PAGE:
Toyota has announced it has expelled Hino from the Commercial Japan Partnership Technologies (CJPT) group following the  scandal  which has enveloped the truck maker involving falsification of engine data.

It is the most severe step announced so far by Toyota, which has a controlling 50.1 percent in Hino, since the scandal erupted in March.

The CJPT partnership,  was established in April 2021 by Toyota, Hino and Isuzu to facilitate technology development for commercial vehicles. Suzuki and Daihatsu joined in July the same year.

“We believe that Hino’s participation will cause inconvenience to stakeholders, and we have decided that it is appropriate to expel Hino from CJPT,” Toyota president Akio Toyoda said in a statement.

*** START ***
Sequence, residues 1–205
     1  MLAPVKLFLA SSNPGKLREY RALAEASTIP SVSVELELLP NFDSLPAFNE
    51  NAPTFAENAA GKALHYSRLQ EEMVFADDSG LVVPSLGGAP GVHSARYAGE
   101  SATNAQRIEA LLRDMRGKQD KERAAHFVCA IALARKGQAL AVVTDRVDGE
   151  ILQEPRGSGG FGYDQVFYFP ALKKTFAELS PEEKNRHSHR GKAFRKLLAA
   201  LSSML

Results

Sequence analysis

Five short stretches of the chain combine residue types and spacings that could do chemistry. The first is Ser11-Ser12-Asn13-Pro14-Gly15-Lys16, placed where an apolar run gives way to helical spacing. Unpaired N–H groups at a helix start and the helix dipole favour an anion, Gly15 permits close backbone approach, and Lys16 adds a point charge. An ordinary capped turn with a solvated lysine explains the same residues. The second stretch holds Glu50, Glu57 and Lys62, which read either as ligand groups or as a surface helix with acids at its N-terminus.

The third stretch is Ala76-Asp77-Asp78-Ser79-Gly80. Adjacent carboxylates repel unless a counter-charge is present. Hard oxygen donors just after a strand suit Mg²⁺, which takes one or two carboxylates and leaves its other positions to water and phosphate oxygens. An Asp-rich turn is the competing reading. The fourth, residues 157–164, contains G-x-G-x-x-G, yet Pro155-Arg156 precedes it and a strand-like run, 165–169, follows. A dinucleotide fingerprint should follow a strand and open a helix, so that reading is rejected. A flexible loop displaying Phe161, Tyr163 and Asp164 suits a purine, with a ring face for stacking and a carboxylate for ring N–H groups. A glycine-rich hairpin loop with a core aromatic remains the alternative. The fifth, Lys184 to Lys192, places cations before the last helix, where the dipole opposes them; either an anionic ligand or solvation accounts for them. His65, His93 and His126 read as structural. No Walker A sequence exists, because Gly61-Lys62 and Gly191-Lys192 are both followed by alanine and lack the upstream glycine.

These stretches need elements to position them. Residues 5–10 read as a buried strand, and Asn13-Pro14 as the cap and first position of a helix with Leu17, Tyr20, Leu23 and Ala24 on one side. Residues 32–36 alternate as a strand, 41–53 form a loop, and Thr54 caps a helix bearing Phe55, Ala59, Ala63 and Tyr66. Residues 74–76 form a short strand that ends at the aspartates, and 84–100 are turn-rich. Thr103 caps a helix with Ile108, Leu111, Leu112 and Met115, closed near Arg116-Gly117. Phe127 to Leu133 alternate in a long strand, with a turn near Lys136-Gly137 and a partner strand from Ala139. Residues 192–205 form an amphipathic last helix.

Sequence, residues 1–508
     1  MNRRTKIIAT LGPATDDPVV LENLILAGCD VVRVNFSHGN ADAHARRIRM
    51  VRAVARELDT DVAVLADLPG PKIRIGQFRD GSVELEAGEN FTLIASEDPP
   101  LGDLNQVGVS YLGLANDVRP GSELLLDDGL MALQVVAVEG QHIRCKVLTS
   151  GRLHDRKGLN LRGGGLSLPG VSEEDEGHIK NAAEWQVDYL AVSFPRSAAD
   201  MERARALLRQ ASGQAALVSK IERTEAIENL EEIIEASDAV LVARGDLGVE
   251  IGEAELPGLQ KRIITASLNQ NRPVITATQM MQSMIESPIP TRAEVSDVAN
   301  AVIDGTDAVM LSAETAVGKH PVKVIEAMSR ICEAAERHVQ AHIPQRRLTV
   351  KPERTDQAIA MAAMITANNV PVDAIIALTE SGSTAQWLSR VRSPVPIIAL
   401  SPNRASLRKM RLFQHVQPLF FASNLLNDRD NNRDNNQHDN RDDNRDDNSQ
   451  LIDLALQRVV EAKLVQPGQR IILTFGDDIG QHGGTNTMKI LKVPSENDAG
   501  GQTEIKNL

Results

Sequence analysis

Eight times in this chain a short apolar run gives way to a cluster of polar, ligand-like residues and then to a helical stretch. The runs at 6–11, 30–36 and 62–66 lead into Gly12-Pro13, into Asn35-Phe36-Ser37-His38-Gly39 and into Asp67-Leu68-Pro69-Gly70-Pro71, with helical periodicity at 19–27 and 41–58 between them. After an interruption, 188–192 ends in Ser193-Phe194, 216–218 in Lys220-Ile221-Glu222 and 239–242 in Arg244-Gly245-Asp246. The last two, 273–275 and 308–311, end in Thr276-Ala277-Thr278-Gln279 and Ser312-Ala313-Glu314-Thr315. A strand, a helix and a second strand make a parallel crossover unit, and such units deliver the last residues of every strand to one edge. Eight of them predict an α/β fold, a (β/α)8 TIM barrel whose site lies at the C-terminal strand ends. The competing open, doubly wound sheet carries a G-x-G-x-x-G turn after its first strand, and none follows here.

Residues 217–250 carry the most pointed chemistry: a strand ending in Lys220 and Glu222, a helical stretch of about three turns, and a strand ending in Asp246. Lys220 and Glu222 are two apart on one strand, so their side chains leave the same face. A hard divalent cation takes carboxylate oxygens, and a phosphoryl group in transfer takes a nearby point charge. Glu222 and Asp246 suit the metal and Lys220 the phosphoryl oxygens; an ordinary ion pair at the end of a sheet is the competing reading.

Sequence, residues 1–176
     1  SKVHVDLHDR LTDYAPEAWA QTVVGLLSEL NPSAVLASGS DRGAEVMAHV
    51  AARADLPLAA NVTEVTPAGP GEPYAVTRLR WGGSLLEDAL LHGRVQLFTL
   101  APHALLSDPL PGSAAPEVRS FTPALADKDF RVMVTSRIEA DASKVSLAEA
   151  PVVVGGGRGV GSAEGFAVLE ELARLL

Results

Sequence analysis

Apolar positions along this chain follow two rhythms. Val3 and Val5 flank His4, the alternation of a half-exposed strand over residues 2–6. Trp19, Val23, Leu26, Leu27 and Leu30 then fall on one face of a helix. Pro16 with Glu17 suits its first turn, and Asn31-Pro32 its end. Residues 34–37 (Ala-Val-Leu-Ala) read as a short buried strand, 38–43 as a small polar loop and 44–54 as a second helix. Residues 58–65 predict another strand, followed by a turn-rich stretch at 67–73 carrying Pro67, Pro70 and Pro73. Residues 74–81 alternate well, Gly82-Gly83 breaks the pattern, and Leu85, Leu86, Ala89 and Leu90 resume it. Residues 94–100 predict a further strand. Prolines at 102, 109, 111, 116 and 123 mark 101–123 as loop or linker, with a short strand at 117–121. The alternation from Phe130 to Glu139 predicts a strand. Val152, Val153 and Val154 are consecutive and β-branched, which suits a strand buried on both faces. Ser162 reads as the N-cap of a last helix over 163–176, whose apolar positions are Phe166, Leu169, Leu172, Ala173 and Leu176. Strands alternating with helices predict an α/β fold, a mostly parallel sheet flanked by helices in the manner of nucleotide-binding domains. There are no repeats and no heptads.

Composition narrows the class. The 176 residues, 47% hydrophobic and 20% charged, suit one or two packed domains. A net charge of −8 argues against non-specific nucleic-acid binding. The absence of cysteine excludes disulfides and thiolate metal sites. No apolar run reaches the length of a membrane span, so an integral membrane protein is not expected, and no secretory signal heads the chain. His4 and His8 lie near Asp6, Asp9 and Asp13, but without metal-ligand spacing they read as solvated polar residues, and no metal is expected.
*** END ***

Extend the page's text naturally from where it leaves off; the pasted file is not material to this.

Hino’s 10 per cent equity stake in CJPT would be transferred to Toyota, the statement said.

“We take this decision very seriously,” Hino said in a statement responding to the expulsion from CJPT, adding that it was working to correct the issues that led to the misconduct.

Toyota said Hino “will play a minimal role” in a previously announced project due to begin in 2023 to develop small electric commercial vans and light-duty fuel cell electric trucks to transport goods between Tokyo and Fukushima prefecture.

Hino said on Monday it would suspend shipment of small trucks after a transport ministry investigation revealed that some 76,000 of its small trucks sold since 2019 had not been subjected to the required number of engine tests.

Monday’s announcement followed earlier revelations that it had falsified data on some engines going back as far as 2003, at least a decade earlier than originally indicated.